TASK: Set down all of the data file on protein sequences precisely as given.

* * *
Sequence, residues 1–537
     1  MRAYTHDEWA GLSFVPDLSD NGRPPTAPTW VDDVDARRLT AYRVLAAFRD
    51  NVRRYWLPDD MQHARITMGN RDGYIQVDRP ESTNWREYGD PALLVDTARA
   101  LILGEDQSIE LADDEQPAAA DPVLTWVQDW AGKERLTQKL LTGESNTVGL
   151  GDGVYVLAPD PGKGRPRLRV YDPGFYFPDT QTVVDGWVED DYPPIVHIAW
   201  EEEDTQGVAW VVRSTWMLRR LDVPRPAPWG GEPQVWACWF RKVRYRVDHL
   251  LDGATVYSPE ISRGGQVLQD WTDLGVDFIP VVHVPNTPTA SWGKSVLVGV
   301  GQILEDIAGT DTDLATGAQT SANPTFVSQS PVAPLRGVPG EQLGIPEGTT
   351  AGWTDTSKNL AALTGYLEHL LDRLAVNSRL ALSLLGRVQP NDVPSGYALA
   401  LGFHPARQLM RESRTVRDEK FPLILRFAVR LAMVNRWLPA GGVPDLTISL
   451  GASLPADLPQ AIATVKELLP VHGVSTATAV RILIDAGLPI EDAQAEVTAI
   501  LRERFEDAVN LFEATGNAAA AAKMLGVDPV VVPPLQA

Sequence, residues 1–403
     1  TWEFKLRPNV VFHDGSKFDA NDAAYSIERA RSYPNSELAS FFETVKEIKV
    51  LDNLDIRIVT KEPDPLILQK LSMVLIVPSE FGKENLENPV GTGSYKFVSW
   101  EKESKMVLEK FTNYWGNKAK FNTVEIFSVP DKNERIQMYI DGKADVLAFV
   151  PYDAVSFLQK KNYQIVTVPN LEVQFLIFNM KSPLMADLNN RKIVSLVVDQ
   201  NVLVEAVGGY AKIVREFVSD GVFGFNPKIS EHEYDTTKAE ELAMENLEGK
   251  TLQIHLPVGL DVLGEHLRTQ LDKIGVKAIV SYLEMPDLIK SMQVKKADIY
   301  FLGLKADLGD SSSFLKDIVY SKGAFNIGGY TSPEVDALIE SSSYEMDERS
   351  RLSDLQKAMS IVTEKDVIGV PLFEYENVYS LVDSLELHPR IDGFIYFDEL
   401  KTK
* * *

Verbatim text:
Sequence, residues 1–537
     1  MRAYTHDEWA GLSFVPDLSD NGRPPTAPTW VDDVDARRLT AYRVLAAFRD
    51  NVRRYWLPDD MQHARITMGN RDGYIQVDRP ESTNWREYGD PALLVDTARA
   101  LILGEDQSIE LADDEQPAAA DPVLTWVQDW AGKERLTQKL LTGESNTVGL
   151  GDGVYVLAPD PGKGRPRLRV YDPGFYFPDT QTVVDGWVED DYPPIVHIAW
   201  EEEDTQGVAW VVRSTWMLRR LDVPRPAPWG GEPQVWACWF RKVRYRVDHL
   251  LDGATVYSPE ISRGGQVLQD WTDLGVDFIP VVHVPNTPTA SWGKSVLVGV
   301  GQILEDIAGT DTDLATGAQT SANPTFVSQS PVAPLRGVPG EQLGIPEGTT
   351  AGWTDTSKNL AALTGYLEHL LDRLAVNSRL ALSLLGRVQP NDVPSGYALA
   401  LGFHPARQLM RESRTVRDEK FPLILRFAVR LAMVNRWLPA GGVPDLTISL
   451  GASLPADLPQ AIATVKELLP VHGVSTATAV RILIDAGLPI EDAQAEVTAI
   501  LRERFEDAVN LFEATGNAAA AAKMLGVDPV VVPPLQA

Sequence, residues 1–403
     1  TWEFKLRPNV VFHDGSKFDA NDAAYSIERA RSYPNSELAS FFETVKEIKV
    51  LDNLDIRIVT KEPDPLILQK LSMVLIVPSE FGKENLENPV GTGSYKFVSW
   101  EKESKMVLEK FTNYWGNKAK FNTVEIFSVP DKNERIQMYI DGKADVLAFV
   151  PYDAVSFLQK KNYQIVTVPN LEVQFLIFNM KSPLMADLNN RKIVSLVVDQ
   201  NVLVEAVGGY AKIVREFVSD GVFGFNPKIS EHEYDTTKAE ELAMENLEGK
   251  TLQIHLPVGL DVLGEHLRTQ LDKIGVKAIV SYLEMPDLIK SMQVKKADIY
   301  FLGLKADLGD SSSFLKDIVY SKGAFNIGGY TSPEVDALIE SSSYEMDERS
   351  RLSDLQKAMS IVTEKDVIGV PLFEYENVYS LVDSLELHPR IDGFIYFDEL
   401  KTK